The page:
Robin Scott-Elliot: Sweet tale of Afghan triumph shows the true value of sport

View From The Sofa: Storyville: Out of the Ashes, BBC4
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The Independent Culture

My tweeter of the moment is Lord Sugar, the sweeter tweeter. Sugar may seem an unlikely figure to embrace the medium but anyone who keeps an informed eye on the phone that occupies a prominent position on his secretary's desk in each series of The Apprentice will appreciate that he keeps himself at the cutting edge.

Sugar is never afraid to tackle the issue of the day, in between trying to wind up Piers Morgan, and his tweets about the rapidly evolving situation in Egypt have been instructive. "I hope this Egypt thing does not give people in other countries the idea to try to over throw govs," he worried on Friday. If he were an American, his political donations might have earned him an ambassador's job, and who better to address the world's trickiest diplomatic problems?

Afghanistan is a tricky problem – I'm sure Lord S has a view – but as a film on the BBC last week revealed, there is an answer. The Green Cross Code.

Afghans don't accept being told what to do, according to one of the country's cricketers featured in the Storyville slot. That is apart from by a small green man. It was in Jersey that the Afghan cricket team was first faced with a pedestrian crossing. Their president, a man who at home was backed by heavily armed bodyguards and gave the impression he did pretty much as he pleased even if his grasp of the front-foot no-ball law was patchy, was brought to an obedient halt. Either side of him his team lined up. "See that sign with the little man," he said gesturing humbly. "When he goes green we can go." They waited patiently, not something they were accustomed to. "It's called 'rules and regulations' – you have to wait even if there's no car." So they waited for the green man.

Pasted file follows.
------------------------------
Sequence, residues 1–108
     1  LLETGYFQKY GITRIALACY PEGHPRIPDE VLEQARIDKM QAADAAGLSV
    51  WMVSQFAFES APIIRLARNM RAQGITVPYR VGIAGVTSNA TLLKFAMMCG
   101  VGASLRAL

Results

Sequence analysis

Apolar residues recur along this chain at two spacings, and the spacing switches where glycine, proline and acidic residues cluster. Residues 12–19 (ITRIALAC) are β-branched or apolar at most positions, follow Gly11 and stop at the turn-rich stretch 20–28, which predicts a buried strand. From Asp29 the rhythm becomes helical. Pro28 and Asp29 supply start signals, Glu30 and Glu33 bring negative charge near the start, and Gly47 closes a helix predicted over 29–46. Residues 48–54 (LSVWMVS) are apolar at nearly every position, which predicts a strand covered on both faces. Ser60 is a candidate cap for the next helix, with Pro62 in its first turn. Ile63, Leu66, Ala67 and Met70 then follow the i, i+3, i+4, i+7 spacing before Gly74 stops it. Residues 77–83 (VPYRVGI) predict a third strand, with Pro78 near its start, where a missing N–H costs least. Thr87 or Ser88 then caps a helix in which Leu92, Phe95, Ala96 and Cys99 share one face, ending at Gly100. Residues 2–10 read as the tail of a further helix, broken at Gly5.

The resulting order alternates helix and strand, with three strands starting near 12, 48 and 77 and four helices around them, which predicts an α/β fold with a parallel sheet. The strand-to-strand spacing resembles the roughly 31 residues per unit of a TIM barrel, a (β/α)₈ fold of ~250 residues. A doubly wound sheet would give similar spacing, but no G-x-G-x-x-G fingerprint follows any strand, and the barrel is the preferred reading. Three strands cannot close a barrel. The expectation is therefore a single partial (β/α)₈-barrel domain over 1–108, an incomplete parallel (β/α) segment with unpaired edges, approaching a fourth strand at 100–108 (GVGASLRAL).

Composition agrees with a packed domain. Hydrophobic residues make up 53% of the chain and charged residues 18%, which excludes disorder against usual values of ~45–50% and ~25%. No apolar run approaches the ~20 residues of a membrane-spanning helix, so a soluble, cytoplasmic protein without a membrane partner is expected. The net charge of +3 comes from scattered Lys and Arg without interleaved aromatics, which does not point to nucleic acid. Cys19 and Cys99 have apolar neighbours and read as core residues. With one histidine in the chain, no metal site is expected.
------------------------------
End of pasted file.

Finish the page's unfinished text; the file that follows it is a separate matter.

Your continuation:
This was a beautifully crafted, warm, witty, sad and instructive film, following the incredible journey of the Afghan cricketers from, for some, refugee camps to the game's highest level.

The first hero of the piece was Taj Malik, the twinkle-eyed founding father of Afghan cricket. The team flew to Jersey for the first step towards the World Cup, stopping over in Dubai. Taj warily stepped onto an escalator for the first time as he went to look for people to talk cricket with. "Where are you from?" "Belgium." "They do not belong to the cricket-playing nations."

In Jersey the team were initially patronised, but not for long because they could really play. I once interviewed the coach, a Pakistani called Kabir Khan, who was appointed after Taj was cruelly sacked. Kabir described how the Afghan team had all the talent of his countrymen but none of the discipline and then added that he was only half joking. They had some huge bust-ups en route to the big time. One of Taj's brothers – there were two in the team – stormed off yelling "He's a fucking bisexual!" about a team-mate after being run out.

From start to a wonderfully happy ending this film was the perfect illustration of what sport is for; a temporary escape from life and death, and for that it matters.

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